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Front. Oncol., 07 November 2023
Sec. Hematologic Malignancies
This article is part of the Research Topic Understanding Leukemia Biology Using Genome Editing Techniques View all 6 articles

Editorial: Understanding leukemia biology using genome editing techniques

  • 1Laboratorio de Innovación y Medicina de Precisión, Núcleo “A”, Instituto Nacional de Medicina Genómica, Mexico City, Mexico
  • 2Department of Neurosurgery, School of Medicine, Michigan Medicine, University of Michigan, Ann Arbor, MI, United States
  • 3Department of Pathology, Michigan Medicine, University of Michigan, Ann Arbor, MI, United States
  • 4Department of Pathology and Laboratory Medicine, Diagnostic Immunology Lab, Nationwide Children’s Hospital, Columbus, OH, United States
  • 5Laboratory of Receptor Biology and Gene Expression (LRBGE), Center for Cancer Research (CCR), National Cancer Institute (NCI), National Institutes of Health (NIH), Bethesda, MD, United States

Leukemia represents a life adjusting, high mortality inducing health problem, accounting for approximately 2.5% of all new cancer diagnoses and 3.1% of cancer-related mortality worldwide, which is estimated to increase future years (1, 2). The term Leukemia comes from the Greek word ‘leukos’, meaning white, and ‘haima’, meaning blood and includes a number of hematologic neoplasia that show high heterogeneity in their clinical course and phenotype including vast differences in immunophenotypes, associated cytogenetics, and molecular features (3). Based on the integration of morphologic, clinical, and genomic data, the “WHO Classification of Tumours of Haematopoietic and Lymphoid Tissues (2016)” identifies 12 major International Consensus Classification categories of myeloid neoplasms and acute leukemias, which can be broadly classified into myeloid or lymphoid (4). The causes of leukemia are not completely understood, but a plethora of evidences reveal that these malignancies emerge from acquired mutations during fetal or postnatal hematopoiesis, which alter cell differentiation, leading to dysregulated hematopoiesis and in some cases uncontrolled proliferation of transformed cells (5). It is well recognized that the number and type of mutations can direct the course of disease, amplifies leukemia complexity, and can determines patient prognosis. In this issue, five original research articles present various aspects of cutting-edge, sophisticated research aimed to address the scope and prospects of gene editing in myeloid and lymphoid leukemia.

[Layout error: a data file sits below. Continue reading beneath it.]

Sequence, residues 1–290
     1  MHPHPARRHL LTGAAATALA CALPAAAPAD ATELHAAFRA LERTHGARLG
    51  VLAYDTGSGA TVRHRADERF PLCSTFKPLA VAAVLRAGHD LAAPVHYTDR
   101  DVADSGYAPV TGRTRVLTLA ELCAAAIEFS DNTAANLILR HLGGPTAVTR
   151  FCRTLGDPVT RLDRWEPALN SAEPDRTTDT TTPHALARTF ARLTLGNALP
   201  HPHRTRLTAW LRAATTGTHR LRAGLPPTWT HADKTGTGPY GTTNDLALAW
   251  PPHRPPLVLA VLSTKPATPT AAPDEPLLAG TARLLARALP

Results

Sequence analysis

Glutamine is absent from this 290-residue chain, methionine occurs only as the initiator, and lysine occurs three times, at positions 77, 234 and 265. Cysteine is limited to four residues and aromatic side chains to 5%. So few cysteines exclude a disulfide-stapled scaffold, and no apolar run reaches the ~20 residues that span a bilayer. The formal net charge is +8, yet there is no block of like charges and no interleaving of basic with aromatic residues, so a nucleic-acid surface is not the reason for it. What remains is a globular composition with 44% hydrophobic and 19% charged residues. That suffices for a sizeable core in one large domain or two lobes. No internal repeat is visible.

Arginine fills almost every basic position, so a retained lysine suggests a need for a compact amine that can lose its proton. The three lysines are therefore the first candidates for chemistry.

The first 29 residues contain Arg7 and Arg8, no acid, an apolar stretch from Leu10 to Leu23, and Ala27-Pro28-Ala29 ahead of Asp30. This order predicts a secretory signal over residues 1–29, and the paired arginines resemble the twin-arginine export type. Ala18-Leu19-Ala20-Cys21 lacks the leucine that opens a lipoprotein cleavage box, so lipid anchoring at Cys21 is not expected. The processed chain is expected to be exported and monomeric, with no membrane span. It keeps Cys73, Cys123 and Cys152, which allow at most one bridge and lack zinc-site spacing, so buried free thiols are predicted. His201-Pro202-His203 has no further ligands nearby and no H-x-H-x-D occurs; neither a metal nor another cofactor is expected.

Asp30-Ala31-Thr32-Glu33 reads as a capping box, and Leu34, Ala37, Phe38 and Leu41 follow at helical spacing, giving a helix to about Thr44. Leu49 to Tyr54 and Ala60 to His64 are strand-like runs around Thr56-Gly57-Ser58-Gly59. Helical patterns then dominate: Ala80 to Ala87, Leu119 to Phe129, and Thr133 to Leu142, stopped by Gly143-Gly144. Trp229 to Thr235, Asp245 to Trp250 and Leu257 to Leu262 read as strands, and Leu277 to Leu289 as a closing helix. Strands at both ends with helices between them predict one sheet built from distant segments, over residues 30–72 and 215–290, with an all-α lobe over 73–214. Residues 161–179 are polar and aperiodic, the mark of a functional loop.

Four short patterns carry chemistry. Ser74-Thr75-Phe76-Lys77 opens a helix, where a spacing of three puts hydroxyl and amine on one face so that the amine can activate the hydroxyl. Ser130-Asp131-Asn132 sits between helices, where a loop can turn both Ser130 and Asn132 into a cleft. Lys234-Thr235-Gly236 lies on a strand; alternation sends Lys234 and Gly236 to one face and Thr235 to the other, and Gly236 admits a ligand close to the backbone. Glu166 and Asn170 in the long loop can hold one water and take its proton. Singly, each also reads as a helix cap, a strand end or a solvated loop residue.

Towards the goal of personalized medicine, enormous efforts are underway to increase overall survival in leukemia patients by developing new targeted treatments with maximum leukemic cell selectivity and minimum toxicity. Using CRISPR/Cas9 and shRNA gene editing, Shah et al. explored potential lysosomal vulnerabilities as a targeted therapeutic approach for myeloid leukemia treatment. For this purpose, leukemic cell lines, blasts isolated from pediatric AML patients, and expanded CD34+-hematopoietic stem cells derived from donors were used. The authors observed larger lysosomal compartments, with greater lysosome activity, and an increased lysosomal membrane sensitivity in leukemic cells compared to donor cells. Importantly the authors demonstrated that the combination of mefloquine plus mTOR inhibitors selectively increases leukemic cell death through disruption of lysosomal compartments. These data suggest that targeting the lysosome, particularly in chemotherapy-resistant cells, may serve as an effective therapeutic strategy not only for leukemia but potentially for other types of malignancies as well.

It is as well-known that γδ T cells are potent activators of anti-tumor cytotoxicity and have important roles in initiating and establishing immune responses, however differences in γδ T cell populations within leukemic patients may have clinical indications. Zheng et al. analyzed γδ T cell populations and correlated with immune- checkpoint mediated T cell immune dysfunction and PD-1 and FOXP3 gene expression, and prognosis in acute myeloid leukemia (AML) patients. To this end, RNA-seq data were retrieved from the TCGA dataset and γδ T cells were sorted from peripheral blood of de novo AML adults or healthy subjects by flow cytometry. The data demonstrated higher PD-1 expression levels in AML cases compared with healthy individuals and a correlation of elevated PD-1+Foxp3+ γδ T cells with poor clinical outcome. These data support future investigations of γδ T cells in AML to understand population differences and functional consequences of differentially expressed genes within these subsets. Ultimately, these data suggest that γδ T cell may also be a novel therapeutic targeting strategy.